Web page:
Will Caldwell was sure he wanted to be a mechanical engineer. The 20-year-old had spent his childhood in Madison, Wis., building models of spacecraft and futuristic vehicles with whatever he could find around the house. He started a mechanical engineering club at his high school. And when he enrolled in the University of Wisconsin-Madison’s School of Engineering three years ago, he hoped to someday design cars.
But along the way, he realized that mechanical engineering skills alone would not get him where he wanted to go. His pals who recently graduated with mechanical engineering degrees had landed jobs that required them to program computers and robots, and to perform other tasks that were related more to the computerized world of the Internet of Things (IoT) than to traditional mechanical engineering.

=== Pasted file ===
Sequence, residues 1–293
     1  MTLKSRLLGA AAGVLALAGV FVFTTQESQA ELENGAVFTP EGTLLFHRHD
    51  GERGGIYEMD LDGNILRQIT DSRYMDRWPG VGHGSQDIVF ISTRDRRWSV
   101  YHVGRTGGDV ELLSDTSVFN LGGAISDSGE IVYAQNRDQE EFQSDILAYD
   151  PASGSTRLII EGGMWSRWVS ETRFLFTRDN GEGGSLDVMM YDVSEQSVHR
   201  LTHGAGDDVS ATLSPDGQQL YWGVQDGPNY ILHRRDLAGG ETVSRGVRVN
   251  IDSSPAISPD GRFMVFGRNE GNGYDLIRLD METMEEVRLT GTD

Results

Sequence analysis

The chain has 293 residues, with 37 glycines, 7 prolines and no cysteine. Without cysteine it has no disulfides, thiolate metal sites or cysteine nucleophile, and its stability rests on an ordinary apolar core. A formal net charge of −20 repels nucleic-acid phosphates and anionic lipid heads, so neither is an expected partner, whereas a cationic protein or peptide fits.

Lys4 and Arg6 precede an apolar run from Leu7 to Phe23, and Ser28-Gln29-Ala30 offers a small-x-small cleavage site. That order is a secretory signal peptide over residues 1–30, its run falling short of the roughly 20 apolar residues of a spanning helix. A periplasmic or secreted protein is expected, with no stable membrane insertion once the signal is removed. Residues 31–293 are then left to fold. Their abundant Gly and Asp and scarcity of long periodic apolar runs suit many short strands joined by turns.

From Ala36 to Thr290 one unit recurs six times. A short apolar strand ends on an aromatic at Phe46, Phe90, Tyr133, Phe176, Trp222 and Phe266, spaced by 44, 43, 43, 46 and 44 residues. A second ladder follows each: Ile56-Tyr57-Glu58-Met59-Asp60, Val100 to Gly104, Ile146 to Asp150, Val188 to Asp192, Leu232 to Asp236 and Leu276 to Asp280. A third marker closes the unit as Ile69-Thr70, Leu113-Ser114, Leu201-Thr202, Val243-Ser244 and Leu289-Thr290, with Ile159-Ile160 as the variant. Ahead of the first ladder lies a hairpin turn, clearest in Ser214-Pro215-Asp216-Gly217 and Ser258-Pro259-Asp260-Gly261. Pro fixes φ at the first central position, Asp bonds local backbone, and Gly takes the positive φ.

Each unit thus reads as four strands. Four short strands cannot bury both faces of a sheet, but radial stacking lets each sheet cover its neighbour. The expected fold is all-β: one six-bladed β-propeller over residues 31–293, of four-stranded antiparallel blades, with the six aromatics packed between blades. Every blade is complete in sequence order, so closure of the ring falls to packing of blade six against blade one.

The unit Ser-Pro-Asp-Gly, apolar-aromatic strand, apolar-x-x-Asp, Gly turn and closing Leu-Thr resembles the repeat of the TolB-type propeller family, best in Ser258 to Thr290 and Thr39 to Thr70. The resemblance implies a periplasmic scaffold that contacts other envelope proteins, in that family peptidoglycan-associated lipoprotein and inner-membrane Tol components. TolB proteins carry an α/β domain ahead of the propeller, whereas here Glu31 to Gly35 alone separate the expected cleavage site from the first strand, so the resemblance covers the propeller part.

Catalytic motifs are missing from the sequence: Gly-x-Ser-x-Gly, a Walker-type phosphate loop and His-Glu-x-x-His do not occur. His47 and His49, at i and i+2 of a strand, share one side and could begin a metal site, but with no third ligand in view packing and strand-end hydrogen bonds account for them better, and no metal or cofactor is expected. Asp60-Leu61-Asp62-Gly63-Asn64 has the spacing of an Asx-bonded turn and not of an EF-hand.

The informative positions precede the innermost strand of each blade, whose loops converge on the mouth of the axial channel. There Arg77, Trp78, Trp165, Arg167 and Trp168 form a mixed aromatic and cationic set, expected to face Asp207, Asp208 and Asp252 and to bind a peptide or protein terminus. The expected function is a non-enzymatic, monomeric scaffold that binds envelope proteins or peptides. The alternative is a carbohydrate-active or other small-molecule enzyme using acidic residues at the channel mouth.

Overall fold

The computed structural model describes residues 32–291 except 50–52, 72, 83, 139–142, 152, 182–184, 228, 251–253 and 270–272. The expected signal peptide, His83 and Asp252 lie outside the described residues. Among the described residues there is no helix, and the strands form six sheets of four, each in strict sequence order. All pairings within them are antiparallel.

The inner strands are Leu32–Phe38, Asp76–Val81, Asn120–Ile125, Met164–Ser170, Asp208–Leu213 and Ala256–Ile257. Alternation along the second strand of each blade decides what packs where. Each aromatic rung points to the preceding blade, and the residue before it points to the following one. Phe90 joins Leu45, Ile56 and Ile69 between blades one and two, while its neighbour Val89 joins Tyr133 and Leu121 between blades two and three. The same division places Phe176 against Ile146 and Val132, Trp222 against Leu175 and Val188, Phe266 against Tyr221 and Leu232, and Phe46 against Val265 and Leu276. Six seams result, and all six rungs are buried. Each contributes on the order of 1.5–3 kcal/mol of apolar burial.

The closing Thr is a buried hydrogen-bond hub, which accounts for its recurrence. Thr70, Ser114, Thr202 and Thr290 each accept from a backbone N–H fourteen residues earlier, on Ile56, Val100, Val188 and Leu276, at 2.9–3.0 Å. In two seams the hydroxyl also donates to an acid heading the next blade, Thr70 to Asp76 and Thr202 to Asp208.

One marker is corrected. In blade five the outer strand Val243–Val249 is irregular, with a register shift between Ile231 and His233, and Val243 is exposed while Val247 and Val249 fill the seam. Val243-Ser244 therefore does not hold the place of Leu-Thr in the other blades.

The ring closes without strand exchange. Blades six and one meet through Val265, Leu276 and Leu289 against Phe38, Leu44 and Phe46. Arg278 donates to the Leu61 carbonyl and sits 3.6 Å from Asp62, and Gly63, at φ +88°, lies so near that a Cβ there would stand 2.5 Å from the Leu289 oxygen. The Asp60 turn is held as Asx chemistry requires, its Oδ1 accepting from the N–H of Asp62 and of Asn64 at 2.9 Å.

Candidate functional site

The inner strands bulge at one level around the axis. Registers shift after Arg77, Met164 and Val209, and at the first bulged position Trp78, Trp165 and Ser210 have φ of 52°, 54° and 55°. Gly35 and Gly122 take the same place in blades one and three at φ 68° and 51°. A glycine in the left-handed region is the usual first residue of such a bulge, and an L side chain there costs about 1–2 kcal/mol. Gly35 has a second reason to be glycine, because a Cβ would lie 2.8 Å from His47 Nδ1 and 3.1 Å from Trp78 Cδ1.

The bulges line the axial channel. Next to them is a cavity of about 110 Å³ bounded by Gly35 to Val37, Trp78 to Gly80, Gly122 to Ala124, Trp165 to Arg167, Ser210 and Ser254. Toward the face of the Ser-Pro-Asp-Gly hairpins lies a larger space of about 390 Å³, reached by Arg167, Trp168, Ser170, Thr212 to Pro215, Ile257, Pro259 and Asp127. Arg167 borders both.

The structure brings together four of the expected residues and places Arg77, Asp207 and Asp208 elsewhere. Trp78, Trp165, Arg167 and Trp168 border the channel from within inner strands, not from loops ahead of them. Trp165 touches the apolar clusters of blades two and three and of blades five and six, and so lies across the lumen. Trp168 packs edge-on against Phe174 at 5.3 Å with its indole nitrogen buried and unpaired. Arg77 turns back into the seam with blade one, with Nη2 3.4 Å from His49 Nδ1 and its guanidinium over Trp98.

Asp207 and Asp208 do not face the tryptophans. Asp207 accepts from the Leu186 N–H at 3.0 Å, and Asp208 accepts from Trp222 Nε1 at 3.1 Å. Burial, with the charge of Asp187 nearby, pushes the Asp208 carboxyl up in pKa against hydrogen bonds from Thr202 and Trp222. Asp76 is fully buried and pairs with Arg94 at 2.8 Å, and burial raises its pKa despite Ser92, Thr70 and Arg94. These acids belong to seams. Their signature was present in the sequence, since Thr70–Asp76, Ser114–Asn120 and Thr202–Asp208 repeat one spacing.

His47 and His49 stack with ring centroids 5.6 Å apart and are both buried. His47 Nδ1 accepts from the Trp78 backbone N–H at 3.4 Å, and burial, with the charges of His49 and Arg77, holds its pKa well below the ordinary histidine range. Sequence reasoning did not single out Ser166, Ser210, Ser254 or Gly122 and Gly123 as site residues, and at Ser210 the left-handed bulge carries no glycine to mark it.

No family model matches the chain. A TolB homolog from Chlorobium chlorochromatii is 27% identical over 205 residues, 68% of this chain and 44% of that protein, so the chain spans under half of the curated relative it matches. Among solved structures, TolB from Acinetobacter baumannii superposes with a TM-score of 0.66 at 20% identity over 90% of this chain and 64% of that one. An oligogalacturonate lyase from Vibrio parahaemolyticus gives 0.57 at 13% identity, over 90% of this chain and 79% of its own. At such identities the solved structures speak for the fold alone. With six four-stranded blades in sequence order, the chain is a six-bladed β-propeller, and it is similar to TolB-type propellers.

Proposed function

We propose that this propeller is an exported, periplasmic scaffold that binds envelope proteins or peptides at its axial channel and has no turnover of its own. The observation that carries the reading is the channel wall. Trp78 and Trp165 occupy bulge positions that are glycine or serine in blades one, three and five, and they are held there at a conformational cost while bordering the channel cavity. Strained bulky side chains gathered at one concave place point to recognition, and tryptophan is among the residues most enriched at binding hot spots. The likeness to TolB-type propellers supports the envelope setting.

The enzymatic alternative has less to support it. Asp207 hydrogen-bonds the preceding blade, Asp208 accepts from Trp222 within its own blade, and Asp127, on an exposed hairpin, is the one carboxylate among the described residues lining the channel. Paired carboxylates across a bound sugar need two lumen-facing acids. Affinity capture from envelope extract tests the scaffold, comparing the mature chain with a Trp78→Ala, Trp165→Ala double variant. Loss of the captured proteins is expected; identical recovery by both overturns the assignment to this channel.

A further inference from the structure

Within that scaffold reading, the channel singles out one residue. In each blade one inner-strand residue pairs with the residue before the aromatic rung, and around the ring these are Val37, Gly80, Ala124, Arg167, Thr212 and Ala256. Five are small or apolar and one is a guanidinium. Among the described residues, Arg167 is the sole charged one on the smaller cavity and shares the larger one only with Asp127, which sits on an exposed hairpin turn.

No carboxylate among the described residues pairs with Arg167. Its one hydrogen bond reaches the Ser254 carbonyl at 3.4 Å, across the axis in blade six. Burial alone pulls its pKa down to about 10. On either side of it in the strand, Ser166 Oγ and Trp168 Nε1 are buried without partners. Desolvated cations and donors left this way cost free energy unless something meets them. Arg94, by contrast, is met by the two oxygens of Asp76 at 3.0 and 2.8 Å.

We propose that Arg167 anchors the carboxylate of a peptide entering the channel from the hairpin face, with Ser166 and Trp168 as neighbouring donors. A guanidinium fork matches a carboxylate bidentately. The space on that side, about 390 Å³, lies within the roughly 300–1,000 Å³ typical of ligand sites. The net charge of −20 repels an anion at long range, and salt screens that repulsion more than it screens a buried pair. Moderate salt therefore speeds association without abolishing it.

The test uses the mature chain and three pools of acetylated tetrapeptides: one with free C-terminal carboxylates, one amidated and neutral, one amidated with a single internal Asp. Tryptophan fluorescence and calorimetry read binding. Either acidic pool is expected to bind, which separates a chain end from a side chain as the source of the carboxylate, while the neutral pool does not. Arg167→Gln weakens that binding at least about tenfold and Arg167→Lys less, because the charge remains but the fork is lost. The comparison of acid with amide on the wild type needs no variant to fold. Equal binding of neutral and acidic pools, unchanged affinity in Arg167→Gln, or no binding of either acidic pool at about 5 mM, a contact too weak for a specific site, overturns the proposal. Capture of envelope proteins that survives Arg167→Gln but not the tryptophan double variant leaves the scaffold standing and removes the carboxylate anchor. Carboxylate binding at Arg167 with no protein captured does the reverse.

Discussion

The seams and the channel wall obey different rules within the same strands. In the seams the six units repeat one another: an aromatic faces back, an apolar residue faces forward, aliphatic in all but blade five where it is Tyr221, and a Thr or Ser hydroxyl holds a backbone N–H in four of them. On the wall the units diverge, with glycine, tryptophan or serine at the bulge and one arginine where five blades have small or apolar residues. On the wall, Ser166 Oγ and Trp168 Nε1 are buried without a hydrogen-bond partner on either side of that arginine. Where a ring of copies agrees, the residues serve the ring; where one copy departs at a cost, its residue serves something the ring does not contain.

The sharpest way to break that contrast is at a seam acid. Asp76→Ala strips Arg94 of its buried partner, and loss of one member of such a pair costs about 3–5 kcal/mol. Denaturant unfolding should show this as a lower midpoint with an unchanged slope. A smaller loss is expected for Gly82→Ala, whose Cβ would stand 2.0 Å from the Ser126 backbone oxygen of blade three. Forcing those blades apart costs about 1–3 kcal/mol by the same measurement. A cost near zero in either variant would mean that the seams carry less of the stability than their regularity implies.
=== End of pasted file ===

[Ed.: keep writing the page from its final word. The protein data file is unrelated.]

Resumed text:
“I met a lot of people who had figured out what IoT was and wanted to do something real with it,” he said. But neither he nor his friends had much opportunity in their mechanical engineering classes to learn about IoT-related technologies and how to apply them to real-world solutions.
Read the article here https://www.asme.org/engineering-topics/articles/technology-and-society/filling-the-talent-gap